Can you hear the difference between a £50 violin and a £250,000 violin?
14 September 2018, 17:31
This guy compared a £50 violin from Amazon with a £250,000 Carlo Antonio Testore violin from 18th-century Milan. Can you hear the difference?
If you reckon you’ve got a well-trained ear, you might just be able to pick out the sound of an expensive, antique Italian violin from an orchestra of flawed fiddles. But in practice, can you tell one from the other? Let’s have a go…
American violinist Rob Landes begins his test by playing a $62 violin that he bought from Amazon – the equivalent of just under £50 for the bow, case and instrument. He plays Leonard Cohen’s ‘Hallelujah’, followed by ‘Thunderstruck’, by AC/DC. It’s not a bad sound, if a *little* scratchy and sharp.
He then plays a violin made by Vincenzo Panormo, worth 130,000 US dollars. Panormo’s work, generally described as English despite his Italian origins, is considered among the best in the history of British violin making. The sound produced by his violin is lovely, and noticeably richer than the $62 instrument.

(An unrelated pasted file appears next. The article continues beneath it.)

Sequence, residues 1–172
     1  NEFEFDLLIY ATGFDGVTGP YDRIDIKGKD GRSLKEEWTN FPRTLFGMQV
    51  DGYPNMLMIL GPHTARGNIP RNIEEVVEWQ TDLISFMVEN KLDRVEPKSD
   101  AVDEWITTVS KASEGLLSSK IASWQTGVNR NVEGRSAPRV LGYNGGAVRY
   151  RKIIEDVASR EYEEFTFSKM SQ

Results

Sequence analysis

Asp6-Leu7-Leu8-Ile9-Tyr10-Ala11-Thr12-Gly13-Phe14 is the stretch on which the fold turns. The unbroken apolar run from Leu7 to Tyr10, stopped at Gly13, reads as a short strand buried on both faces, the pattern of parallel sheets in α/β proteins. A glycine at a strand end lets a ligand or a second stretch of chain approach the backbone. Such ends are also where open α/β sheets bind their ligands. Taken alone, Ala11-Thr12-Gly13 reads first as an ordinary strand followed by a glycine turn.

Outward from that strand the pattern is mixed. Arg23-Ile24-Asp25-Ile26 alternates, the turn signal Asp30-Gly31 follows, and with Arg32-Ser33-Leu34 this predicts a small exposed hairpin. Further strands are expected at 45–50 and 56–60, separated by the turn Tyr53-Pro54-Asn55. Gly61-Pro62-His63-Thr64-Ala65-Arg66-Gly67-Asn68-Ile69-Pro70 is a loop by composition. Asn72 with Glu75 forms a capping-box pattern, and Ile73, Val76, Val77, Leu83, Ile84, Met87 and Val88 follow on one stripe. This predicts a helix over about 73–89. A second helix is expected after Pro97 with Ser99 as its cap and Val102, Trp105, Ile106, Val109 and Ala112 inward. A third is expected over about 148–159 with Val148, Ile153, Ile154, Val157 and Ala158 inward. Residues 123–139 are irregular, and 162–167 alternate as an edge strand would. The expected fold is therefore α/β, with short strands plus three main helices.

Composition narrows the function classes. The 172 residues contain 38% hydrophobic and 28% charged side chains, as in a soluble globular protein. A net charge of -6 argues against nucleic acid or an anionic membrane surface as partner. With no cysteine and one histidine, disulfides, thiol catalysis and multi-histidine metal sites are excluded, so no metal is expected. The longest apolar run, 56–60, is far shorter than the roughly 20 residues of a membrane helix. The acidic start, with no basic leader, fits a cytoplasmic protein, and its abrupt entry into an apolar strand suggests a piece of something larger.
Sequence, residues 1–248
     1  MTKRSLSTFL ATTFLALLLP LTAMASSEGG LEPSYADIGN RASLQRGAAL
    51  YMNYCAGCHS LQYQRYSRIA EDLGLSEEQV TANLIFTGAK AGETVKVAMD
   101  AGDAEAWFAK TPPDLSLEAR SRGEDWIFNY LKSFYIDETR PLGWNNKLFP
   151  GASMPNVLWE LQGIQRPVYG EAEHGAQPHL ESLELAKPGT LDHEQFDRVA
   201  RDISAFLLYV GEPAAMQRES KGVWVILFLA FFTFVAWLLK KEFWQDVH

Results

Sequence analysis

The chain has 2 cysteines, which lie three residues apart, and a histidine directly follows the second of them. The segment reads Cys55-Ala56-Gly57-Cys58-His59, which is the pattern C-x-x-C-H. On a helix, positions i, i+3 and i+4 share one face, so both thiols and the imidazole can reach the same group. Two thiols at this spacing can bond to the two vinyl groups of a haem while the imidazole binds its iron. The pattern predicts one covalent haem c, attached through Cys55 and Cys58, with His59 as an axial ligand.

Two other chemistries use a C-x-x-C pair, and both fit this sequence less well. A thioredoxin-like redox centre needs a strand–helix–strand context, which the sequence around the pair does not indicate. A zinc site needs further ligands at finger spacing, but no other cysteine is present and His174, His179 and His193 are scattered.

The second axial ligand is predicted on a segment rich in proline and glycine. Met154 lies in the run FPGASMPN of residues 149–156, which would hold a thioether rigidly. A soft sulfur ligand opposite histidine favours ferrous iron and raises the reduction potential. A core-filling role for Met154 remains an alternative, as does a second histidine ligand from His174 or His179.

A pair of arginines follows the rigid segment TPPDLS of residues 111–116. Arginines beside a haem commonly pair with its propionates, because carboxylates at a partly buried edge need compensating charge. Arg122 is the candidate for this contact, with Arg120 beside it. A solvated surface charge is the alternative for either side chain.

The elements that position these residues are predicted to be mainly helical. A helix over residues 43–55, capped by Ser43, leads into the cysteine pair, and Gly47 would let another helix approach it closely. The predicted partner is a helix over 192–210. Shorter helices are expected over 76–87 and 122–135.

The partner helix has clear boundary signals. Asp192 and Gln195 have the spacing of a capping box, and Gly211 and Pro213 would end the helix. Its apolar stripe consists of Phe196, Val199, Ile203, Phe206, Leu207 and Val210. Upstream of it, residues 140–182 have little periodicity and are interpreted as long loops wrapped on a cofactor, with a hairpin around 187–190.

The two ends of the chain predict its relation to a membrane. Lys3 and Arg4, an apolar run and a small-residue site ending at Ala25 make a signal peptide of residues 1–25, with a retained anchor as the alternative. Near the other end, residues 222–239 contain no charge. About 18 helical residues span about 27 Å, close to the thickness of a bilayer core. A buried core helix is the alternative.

We then move onto Rob’s favourite, a Giuseppe Scarampella creation which is on the market for $185,000. Scarampella was a very highly regarded maker of Stradivari and Guarneri modelled instruments, and is known for his use of local maple in his violin making. The violin’s sound is smooth, velvety and a pleasure to listen to – like maple syrup, really.
Rob ends the test by playing a beautiful 18th-century violin made by Milanese maker Carlo Antonio Testore, which is on the market for $285,000. The emotion in the ‘Hallelujah’ melody seems to emerge more easily on the Testore instrument. Rob creates a beautiful sound, and the tone is much more heartfelt than it was on the cheaper instruments.
Our conclusion is that if you want that spine-tingling, warm timbre demonstrated by the Carlo Antonio Testore violin, it is worth splashing out a bit more than 50 quid (*sends letter of apology to your overdraft*).
But if you’re new to the violin, and want to get a taste for the instrument before splashing out on an epically expensive one, why not try a cheap one first? There’s always time to upgrade later…
Watch the full video here: